Throughout his 13-year NFL career, the Akron product has consistently been among the league's top pass rushers, racking up 11 or more sacks in six of those seasons.
Defensive coordinator Paul Pasqualoni has to be downright giddy with the return of Taylor. It gives his 3-4 defense even more flexibility and will likely allow him to blitz a wide variety of his linebackers.
Pasqualoni loves to run an attacking style 3-4 that puts a ton of pressure on the quarterback, so Taylor will fit perfectly into his scheme. The Dolphins defense racked up 40 sacks last season and the addition of Taylor will likely increase that number.
It will also provide more opportunities for linebackers Joey Porter and Channing Crowder to get after the quarterback. If such a thing is even possible for Porter, who had a career-high 18 sacks last season.
Either way, the possibilities are endless with the attacking 3-4 defense that the Dolphins currently run.
With the addition of Jason Taylor, the Dolphins defense is one step closer to becoming a very dominant unit.
Seems like the Dolphins are snagging up all the Raiders' talent these days. From all the fans in Fin-land, I'd like to extend a huge thanks to Al Davis for being so generous in letting such talent leave the Bay Area.
The addition of safety Gibril Wilson will help Yeremiah Bell in plenty of ways—for one, he won't need to work nearly as hard.
Wilson and Bell will complement each other beautifully.
"We should not miss one tackle back there," Wilson said. "We can both blitz, we can both tackle, we can both run. We can complement each other. We have to be able to move around and disguise it well, they don't know who is coming, what we're doing."
It also shores up the Dolphins' secondary and will allow linebackers like Joey Porter, Akin Ayodele, Channing Crowder and co. to be even more aggressive in blitz packages.
The Dolphins' secondary will be much improved, and with experienced players like Wilson and Bell playing deep, it will help to bring along some of the younger members of the secondary like Vontae Davis and Sean Smith.
If the rookies make a mistake, then they know that Wilson and Bell will likely have their back.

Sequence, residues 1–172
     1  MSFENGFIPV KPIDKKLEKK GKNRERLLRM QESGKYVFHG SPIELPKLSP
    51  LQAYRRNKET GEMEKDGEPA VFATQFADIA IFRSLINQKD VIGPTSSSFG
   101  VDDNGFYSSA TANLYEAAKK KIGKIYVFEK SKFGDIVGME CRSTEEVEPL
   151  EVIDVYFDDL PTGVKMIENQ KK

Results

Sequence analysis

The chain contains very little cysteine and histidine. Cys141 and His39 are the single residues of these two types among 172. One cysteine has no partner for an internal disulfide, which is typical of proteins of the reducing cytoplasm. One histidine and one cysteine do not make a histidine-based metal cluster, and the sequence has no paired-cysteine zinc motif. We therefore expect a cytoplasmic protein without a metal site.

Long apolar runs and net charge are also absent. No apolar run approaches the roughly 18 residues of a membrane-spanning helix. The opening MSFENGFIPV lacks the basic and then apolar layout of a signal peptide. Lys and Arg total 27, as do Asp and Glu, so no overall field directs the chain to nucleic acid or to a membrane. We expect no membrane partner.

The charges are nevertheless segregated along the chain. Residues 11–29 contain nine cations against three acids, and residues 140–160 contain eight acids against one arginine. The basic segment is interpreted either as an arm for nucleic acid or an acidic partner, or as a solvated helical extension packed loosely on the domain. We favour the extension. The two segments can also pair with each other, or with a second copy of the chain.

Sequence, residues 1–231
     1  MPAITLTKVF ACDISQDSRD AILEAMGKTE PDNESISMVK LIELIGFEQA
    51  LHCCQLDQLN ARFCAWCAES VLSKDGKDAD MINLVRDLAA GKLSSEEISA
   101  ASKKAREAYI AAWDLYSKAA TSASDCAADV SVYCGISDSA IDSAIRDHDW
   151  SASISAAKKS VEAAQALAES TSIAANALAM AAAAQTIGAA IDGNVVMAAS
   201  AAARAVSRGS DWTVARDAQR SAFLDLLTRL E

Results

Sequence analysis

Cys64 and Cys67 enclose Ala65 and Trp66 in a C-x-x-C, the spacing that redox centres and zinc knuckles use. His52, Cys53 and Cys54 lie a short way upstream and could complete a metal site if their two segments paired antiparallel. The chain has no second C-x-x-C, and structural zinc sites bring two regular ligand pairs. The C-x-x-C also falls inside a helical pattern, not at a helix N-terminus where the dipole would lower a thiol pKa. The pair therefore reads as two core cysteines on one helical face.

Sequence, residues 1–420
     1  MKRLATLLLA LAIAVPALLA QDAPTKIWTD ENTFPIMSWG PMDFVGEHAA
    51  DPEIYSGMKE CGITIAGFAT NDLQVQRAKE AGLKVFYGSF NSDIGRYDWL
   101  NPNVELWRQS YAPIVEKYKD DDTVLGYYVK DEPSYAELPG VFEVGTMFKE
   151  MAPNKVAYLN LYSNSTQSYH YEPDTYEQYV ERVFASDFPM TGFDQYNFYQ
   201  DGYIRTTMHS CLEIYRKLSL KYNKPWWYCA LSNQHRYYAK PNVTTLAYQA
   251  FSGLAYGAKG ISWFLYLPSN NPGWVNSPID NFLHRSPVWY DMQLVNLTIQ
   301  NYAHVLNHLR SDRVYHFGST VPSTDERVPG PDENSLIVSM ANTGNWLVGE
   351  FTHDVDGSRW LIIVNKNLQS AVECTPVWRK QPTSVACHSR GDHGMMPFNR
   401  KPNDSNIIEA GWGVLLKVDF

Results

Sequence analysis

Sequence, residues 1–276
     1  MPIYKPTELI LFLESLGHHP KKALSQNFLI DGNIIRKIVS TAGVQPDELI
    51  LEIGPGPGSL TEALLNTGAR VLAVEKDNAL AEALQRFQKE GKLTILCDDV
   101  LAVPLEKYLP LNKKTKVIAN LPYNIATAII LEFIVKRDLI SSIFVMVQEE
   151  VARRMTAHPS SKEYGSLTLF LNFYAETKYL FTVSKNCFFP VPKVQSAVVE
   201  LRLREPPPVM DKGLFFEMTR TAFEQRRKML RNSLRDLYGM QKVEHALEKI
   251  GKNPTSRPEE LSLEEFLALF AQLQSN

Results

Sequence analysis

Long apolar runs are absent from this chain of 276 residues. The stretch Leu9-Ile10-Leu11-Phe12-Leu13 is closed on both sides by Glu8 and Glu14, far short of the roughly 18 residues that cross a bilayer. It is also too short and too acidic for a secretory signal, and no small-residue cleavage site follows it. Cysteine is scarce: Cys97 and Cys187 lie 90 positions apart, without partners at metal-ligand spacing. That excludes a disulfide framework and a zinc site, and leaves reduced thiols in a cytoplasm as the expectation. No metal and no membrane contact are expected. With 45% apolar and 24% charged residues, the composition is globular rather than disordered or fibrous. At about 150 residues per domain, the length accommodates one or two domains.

Chalk up yet another player that will make defensive coordinator Paul Pasqualoni's job that much easier this fall.
When your offense operates out of the shotgun as much as the Miami Dolphins did last season, a center is paramount to your team's offensive success.
A consistent snap of the football back to the signal-caller goes an extremely long way in helping your offense find a rhythm and operate effectively.
Dolphins running back Ronnie Brown's "bread-and-butter" running play was faking the hand-off to Ricky Williams and dashing right up the middle of the defense.
If you're going to be running up the middle of a defense, then center Jake Grove is just the man you would want to follow.
One of the best centers I've ever seen in college, Grove was a unanimous All-American his senior year at Virginia Tech. He also received the Dave Rimington Trophy, the award given to the nation's best center.
He recently signed a five-year deal worth $29 million, with $14.5 million guaranteed. He'll be worth every penny.
The Dolphins' running game and "Wildcat" formation will definitely improve with Grove running the controls of the offensive line.
The center is the key to communication along the offensive line, pointing out blitzes, and making sure that other offensive linemen pick up the right man.
Having a center like Grove in the trenches will not only improve the Dolphins running game, but their passing game as well. He's an immensely talented veteran who will help to share his knowledge with young offensive linemen, such as tackle Jake Long as well.
Jake Grove—a welcomed change for the Miami Dolphins.